Surprisingly, while many professionals confess they understand this logic, they continue using the Dirty Fish Tank Model. There are three primary reasons why organizations continue to put into practice a model that doesn’t work:
- Executive leadership thinks the problem lies in the people and not the system. By focusing on the former instead of the latter, they keep the attention off themselves and the real work that must be done.
- The organization operates with the false belief that engaging an entire team in a development effort is too costly. Here’s what that pseudo-logic like: “We can’t afford to take the entire team away from their work for two days so they can operate at peak capacity for 363 days, but we can afford for our teams to be dysfunctional or underperform for 365 days.”
- The decision makers function from an outdated belief that developing anyone means removing them from their work. These leaders lack the wisdom that today’s best development practices don’t take employees away from the job, but rather bring participants deeper into the day-to-day, real-life work that must be done.
A modern method for developing leaders: The System of Excellence
For 25 years, we’ve delivered, studied and analyzed humanistic development in 37 countries and across 25 different industries within some of the greatest companies in the world, including P&G, Nestle, Harley-Davidson, Cigna and others. We’ve stepped to the edge and tested new, adapted and retested various methods.
What we’ve discovered is as profound as it is intuitive. Your success in effectively developing your talent, particularly your leaders, requires concretely linking employee development to four components: Heart-inspired leadership, activated talent, one-team culture and the whole person.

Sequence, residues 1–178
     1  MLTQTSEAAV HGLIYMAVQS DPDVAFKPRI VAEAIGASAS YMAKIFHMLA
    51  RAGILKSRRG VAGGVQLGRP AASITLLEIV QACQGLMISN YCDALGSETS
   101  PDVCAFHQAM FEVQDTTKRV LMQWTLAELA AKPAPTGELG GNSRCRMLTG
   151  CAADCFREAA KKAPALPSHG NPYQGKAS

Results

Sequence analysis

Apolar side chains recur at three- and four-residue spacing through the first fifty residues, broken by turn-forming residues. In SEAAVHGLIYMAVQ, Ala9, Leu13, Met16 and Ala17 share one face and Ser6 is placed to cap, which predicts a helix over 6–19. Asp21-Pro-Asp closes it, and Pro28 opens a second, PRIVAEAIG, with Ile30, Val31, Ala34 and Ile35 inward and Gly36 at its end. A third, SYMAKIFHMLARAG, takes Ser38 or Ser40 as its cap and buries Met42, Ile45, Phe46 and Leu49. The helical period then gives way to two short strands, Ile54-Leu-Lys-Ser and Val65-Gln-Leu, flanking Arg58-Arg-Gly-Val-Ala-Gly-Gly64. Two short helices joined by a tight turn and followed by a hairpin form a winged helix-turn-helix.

These conditions form a holistic approach called the System of Excellence. When these four elements are in concert and leveraging one another, the individual and the system evolve together. With this approach no one is isolated from, and therefore at odds with, the system around them.
Currently, when you develop your leaders, are you also strategically advancing your designed culture? Or, when your improving the talent of middle managers, are you also developing the whole person of those who are participating? Affirmative answers to these and other questions are necessary to ensuring you’re not wasting precious resources using a "Dirty Fish Tank" model.
When the elements of the System of Excellence are aligned in the design, delivery and sustainability of your training efforts, employees increasingly function with inspired hearts, their potential is activated, the teams within the culture function as one, and the employee’s whole life elevated.
Such outcomes are far more rewarding than cleaning dirty fish tanks, one fish at a time.
Craig Ross, Angie Paccione, and Victoria Roberts are co-authors of the book "DO BIG THINGS: The Simple Steps Teams Can Take to Mobilize Hearts and Minds, and Make an Epic Impact" (Wiley, Aug 28, 2017). They design and deliver lasting solutions that transform leaders and teams at Verus Global.